In the late 1960s the first Pharaoh Hounds came to the US with Ruth Harper, Mrs Block and General Block and the first litter came in 1970. Also in 1970 another enthusiast Rita Sacks brought in Pharaohs and she helped form the Pharaoh Hound Club of America that year. In 1977 Lira coins in Malta had the dog’s image on the back of them. In 1984 it was recognized by the AKC and it is an uncommon breed. Its popularity is ranked at 168th by the AKC.
The Dog You See Today
This is a medium to large breed weighing 45 to 55 pounds and standing 21 to 25 inches tall. It is a lithe, noble, sleek and graceful breed with a long arched neck and a long tapered whip like tail that it carries slow when calm and straight or a little curled when alert. It is a tall and athletic breed and its body is a little longer than it is tall. The front legs are straight and in some places dewclaws are removed. Its chest is deep and its coat is short, glossy and can range from a little harsh to fine. Colors accepted in the show ring include tans, reds, golden and chestnuts with some white markings, but no markings on the back.
The skull is flat and long and the head is wedge shaped. Its nose is colored the same as its coat and its eyes are set somewhat deep, are small and oval shaped and amber in color. When born though those eyes are blue and then they change to a yellow or light gold and then deepen to amber as they mature. It has large and erect ears that are broader at the base. When the Pharaoh hound is happy and excited it can ‘blush’, its flesh colored nose turning rosy pink.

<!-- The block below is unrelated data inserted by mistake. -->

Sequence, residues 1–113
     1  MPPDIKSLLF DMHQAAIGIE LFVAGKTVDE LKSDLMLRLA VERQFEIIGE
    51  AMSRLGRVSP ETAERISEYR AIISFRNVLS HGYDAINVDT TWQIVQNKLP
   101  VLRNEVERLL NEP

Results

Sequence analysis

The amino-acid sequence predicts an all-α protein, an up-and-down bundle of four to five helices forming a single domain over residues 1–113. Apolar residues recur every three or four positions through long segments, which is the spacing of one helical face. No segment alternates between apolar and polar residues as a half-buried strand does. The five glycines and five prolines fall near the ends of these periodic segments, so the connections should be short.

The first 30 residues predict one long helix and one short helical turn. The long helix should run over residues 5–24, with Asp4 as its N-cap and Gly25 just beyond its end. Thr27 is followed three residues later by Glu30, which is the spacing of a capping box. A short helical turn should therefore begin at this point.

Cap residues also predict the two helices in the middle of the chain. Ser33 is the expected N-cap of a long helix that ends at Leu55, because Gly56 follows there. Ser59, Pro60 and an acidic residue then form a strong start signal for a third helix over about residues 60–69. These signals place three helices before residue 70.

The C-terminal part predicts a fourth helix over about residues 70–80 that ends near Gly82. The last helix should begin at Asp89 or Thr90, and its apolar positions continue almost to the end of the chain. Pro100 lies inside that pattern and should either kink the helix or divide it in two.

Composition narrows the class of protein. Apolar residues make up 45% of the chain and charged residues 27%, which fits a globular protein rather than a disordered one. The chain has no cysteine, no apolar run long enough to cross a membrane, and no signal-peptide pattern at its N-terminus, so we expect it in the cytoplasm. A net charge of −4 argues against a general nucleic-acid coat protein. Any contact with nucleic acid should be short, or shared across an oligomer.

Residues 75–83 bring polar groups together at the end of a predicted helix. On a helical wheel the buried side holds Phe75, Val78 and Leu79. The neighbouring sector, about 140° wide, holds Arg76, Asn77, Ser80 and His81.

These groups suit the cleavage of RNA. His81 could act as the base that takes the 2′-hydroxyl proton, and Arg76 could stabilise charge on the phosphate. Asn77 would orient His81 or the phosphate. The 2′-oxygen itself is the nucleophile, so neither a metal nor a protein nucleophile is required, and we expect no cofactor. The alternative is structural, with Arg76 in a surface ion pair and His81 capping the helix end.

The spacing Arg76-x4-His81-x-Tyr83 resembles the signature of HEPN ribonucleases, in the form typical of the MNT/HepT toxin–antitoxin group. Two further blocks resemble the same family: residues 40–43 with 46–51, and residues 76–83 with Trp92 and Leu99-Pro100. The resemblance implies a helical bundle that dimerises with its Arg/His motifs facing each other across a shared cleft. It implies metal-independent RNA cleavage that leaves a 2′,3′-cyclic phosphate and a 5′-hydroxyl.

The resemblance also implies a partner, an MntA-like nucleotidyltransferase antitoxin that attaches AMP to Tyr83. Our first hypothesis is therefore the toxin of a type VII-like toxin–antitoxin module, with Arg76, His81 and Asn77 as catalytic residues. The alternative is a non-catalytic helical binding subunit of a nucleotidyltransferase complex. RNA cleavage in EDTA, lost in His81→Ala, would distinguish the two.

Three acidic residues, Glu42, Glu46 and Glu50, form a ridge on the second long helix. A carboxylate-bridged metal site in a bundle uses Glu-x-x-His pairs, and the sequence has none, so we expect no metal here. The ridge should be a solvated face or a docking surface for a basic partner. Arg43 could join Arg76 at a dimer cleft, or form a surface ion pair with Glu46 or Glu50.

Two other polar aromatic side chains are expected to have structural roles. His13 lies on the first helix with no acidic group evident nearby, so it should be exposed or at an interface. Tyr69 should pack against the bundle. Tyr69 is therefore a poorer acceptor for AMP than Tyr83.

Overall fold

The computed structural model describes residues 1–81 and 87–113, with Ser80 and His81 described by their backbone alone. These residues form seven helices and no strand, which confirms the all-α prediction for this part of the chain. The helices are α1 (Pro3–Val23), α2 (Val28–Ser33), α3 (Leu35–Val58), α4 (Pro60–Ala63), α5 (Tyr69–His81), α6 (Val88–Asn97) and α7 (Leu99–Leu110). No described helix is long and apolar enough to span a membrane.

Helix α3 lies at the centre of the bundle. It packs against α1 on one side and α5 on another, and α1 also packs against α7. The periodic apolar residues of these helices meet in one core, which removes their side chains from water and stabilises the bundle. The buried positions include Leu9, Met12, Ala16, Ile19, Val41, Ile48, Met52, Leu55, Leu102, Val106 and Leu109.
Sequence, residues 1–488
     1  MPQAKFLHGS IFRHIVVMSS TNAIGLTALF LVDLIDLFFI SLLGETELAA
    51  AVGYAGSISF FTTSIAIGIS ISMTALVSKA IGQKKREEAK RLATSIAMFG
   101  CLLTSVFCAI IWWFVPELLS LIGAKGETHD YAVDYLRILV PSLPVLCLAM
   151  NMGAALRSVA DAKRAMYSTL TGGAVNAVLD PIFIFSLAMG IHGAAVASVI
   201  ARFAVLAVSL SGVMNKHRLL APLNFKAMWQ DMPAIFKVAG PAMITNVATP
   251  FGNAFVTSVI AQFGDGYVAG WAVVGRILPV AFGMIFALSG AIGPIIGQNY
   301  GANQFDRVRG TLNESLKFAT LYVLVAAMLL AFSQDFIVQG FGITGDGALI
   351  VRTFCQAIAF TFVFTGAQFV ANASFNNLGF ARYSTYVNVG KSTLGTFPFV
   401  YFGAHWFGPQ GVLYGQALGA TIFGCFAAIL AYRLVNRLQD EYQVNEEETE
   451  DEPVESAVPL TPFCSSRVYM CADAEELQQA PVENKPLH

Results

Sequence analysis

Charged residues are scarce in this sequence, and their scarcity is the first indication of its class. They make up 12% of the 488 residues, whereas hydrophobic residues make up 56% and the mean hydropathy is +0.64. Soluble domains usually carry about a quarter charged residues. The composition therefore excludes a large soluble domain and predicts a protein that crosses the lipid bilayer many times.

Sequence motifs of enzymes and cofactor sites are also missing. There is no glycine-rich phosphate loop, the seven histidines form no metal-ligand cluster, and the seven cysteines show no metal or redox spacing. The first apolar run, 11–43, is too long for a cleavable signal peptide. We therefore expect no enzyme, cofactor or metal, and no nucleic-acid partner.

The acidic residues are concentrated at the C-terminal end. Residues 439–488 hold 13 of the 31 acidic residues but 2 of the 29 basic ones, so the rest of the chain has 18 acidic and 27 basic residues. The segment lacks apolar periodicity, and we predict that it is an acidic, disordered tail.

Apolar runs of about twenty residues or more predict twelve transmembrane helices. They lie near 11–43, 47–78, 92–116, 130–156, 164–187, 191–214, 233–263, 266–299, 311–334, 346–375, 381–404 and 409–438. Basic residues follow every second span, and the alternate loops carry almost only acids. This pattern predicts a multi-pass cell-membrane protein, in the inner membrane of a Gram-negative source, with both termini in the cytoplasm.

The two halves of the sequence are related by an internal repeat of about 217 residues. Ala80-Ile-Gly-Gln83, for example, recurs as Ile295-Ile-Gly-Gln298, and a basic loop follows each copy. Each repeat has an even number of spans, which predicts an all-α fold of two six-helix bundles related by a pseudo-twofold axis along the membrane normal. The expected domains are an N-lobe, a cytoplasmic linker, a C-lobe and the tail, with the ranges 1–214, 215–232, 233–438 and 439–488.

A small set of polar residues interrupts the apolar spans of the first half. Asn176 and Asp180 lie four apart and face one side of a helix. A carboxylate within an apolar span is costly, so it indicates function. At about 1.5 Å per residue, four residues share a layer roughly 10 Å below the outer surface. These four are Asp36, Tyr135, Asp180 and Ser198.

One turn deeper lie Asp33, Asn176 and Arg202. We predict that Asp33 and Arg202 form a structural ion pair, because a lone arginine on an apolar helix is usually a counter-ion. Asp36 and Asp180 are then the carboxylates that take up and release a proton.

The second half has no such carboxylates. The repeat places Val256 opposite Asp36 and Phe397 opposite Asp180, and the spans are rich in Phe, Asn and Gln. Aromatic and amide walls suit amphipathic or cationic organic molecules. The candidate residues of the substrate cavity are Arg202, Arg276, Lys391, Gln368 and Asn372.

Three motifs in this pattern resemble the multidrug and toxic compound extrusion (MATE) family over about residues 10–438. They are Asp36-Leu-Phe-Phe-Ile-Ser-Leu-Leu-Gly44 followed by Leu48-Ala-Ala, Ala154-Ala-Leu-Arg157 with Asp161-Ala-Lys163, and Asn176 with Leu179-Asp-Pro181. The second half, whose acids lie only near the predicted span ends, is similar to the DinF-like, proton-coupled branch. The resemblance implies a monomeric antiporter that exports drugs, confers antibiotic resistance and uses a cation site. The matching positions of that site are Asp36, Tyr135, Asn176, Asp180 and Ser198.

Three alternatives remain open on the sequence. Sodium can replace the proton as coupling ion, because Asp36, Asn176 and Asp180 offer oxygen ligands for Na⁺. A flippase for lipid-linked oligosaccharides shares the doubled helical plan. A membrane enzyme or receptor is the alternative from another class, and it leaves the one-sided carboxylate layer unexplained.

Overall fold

The Inner Pharaoh Hound
The Pharaoh Hound is an alert dog and makes a good watchdog who will bark to let you know if there is an intruder trying to get in. Its is not however considered to be an especially protective breed, so may not act to defend you. It is not a suitable breed for new owners, its sensitivity and independence means some experience is very helpful. This dog when raised well is affectionate, gentle, loving, outgoing, quiet, and lively. It needs a home that is not full of drama and owners who are patient and gentle. It barks occasionally but otherwise is light on its feet and are quite good at startling you from behind, even on hard wood flooring!
It is very loyal but can be timid so socialization is important. It does better with single owners, or couples that are children free just because it enjoys a quieter home, not one filled with chaos. It is even-tempered and makes a great companion. With strangers it can be reserved until it gets to know them. They love comfort and soft places and are great at getting themselves into even small places that have blankets or cushions. It can be curious but is also cautious so investigating can be a slow and hesitant thing. It is a dog to be kept in the home that will want to spend time with you, not one to be left alone in a yard. It enjoys life, can sometimes be a clown and try to make you laugh and while loving and affectionate in some cases it can also have moments where it needs its own space.
Living with a Pharaoh Hound
What will training look like?
Pharaoh Hounds are moderately easy to train, they are smart and while they can be independent and stubborn they also like spending time with you and are quite a well behaved dog. Make sure you are positive, calm and offer consistency and firm leadership without being too harsh or negative. It will respond well to treats, praise and encouragement and sessions should be kept short, fun and not be overly repetitive. Owners need to be clear about the rules, and those rules need to be adhered to. You also need to remember that that sighthounds can be touch sensitive so startle easily and verbal corrections should be preferred over physical ones. House training may be a bit harder and you should be prepared for it to take between 6 to 8 months. It is important to start early socialization with the Pharaoh as it can lean towards being timid and nervous, and socialization greatly helps boost their confidence. Expose your dog to different places, situations, people, sounds and animals.
How active is the Pharaoh Hound?